all fixed."— RE Professor Ted Evans. 



Vol ley bal I A Lea 9 u e (East) 



Is hunting animals 
for sport wrong? 



74% Yes 
18% No 
8% Don't know 



Collegedale Chiropractic 

Don D. Duff D.C. 

Specializing in the treatment of: 
•Neck and shoulder pain 
•Headaches 
•Lower back pain 
•Sports injuries 
•Auto accident injuries 

"If you have a spine, you need a chiropractor!' 
Same day appointments available 

238-4118 

5121 Professional Center, Ooltevvah-Ringold Rd. 
(Near Four Comers across from Ooltewah Middle School) 




Standi 


ngs 


Shank 1 pts 






Niemeyer 9 






Liu 6 






Fulford 4 


AA League 


Bishop 1 


Kim 


10 pts. 




Norton 


9 


A League (West 


Kroll 


8 




Affolter 


6 


Nash 11 pts 


Alvarez 


6 


Ennis 9 


Johnson 


5 


Rodman 6 


Dixson 


4 


McNeil. 4 


Moffit 


3 





B League (East) B League (West) 



Swinyar 

Klasing 

Larson 

Weise 

Foote 



8 pts. Mapes 

6 Feldbus 

4 Wedel 

2 Baker 




5 pts, | 
4 
4 
2 



MOm^i 



We now feature the ^wmr 



9325 Aplson Pike • 396-21*j 

(Next to Haynes Discount P 




America's Favorite Meatless B 



[1/nwHWjJlnal Buy one Blimpie 

sandwhich or 
FREE salad and get one 

SI I D of equal or lesser 
U D value FREE... 



$1 OFF 

Any Footlong 
Blimpie Sandwich 

Lima cut with this coupon. AW«JJ 
othtr offers. Coupon expir*' ! 



November 18, 1993 



Southern Accent 



Volleyball season underway; very few rainouts so far 




UPRIGHT, DOWNRIGHT: Kenny 
■Norton (above) lets one drop out of 
■bounds; Mike Hershberger and a 
I teammate go up for a block in AA 

action Tuesday night. New rules 
I this year enable either team to get 

a point, no matter who is serving. 



[Conditioning class 
lay be required 
text school year 




f 

dej 



v Gail Romeo 

I Students may be required to exercise more next 

phool year. 

When the Faculty Senate meets on December 

the students may find themselves being re- 

^ed to take Conditioning class as part of their 

feneral education courses. The one credit class is 

^signed to be half lecture and half participation. 

We students can choose the activity they wish to 

Brticipate in. "We have a concern that we are not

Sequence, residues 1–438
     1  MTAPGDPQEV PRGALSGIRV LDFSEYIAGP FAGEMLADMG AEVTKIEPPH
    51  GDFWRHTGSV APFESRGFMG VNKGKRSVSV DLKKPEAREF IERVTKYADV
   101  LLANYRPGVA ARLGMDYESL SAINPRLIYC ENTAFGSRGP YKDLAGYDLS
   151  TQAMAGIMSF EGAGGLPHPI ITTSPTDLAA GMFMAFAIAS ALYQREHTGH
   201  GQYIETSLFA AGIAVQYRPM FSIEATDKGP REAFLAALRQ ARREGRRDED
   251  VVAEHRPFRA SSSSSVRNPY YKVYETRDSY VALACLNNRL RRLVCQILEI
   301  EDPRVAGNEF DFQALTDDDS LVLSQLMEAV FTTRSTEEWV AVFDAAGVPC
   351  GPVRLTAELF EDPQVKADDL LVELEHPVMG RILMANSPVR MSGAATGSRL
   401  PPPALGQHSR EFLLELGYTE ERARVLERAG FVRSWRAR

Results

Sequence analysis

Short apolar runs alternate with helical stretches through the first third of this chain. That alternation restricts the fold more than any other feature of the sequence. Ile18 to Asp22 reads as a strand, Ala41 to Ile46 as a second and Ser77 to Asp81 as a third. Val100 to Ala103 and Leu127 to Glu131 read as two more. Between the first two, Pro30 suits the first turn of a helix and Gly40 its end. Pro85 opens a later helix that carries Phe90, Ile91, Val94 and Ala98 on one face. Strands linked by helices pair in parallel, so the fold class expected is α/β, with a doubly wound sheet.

^Berating enough awareness and appreciation for 

illness on campus." says Floyd Greenleaf, Vice- 

-ident for Academic Affairs. 

/as first brought up last school year. 
General Education Committee has recom- 
mded that the course become mandatory for all 
idents in the 94-95 school year. "Students in the 
need to understand the importance of exercise 
lationship to maintaining a healthy mind and 
." says Phil Garver, Chairman of Physical 
cation. 



By Steve Gensoun 

Any veteran Southern student can recall the bleak, 
rainy winter days that frequent the campus. The 
muddy football tournament final was justa foretaste of 
the coming months. But Southern's Intramural ath- 
letes don't have time to pine for the great outdoors, 
since volleyball season is in full swing. 

Well over 200 men and women are participating in 
Southern's only co-ed sport. The format for play is a 
little unique. Each game is scored by the rally system. 
Traditional volleyball only allows the serving team to 
score, but in the rally system, each play results in a 
point awarded. With a point on the line at all times, 
each shot tends to be more conservative. The general 
concensus among the players seems to be one of 
dislike for the rally system. "It takes away the more 
aggressive shots, affecting the level of play," says 
freshman Alex Martin. The serve is particularly af- 
fected, since offensive weapons such as jump serves 
and short serves are usually pushed aside for more 

But the rally system speeds up play, a necessity for 
the match format in use this year. The standings are not 
kept in win/loss statistics, but are kept by games won/ 
matches won. A four game series is played during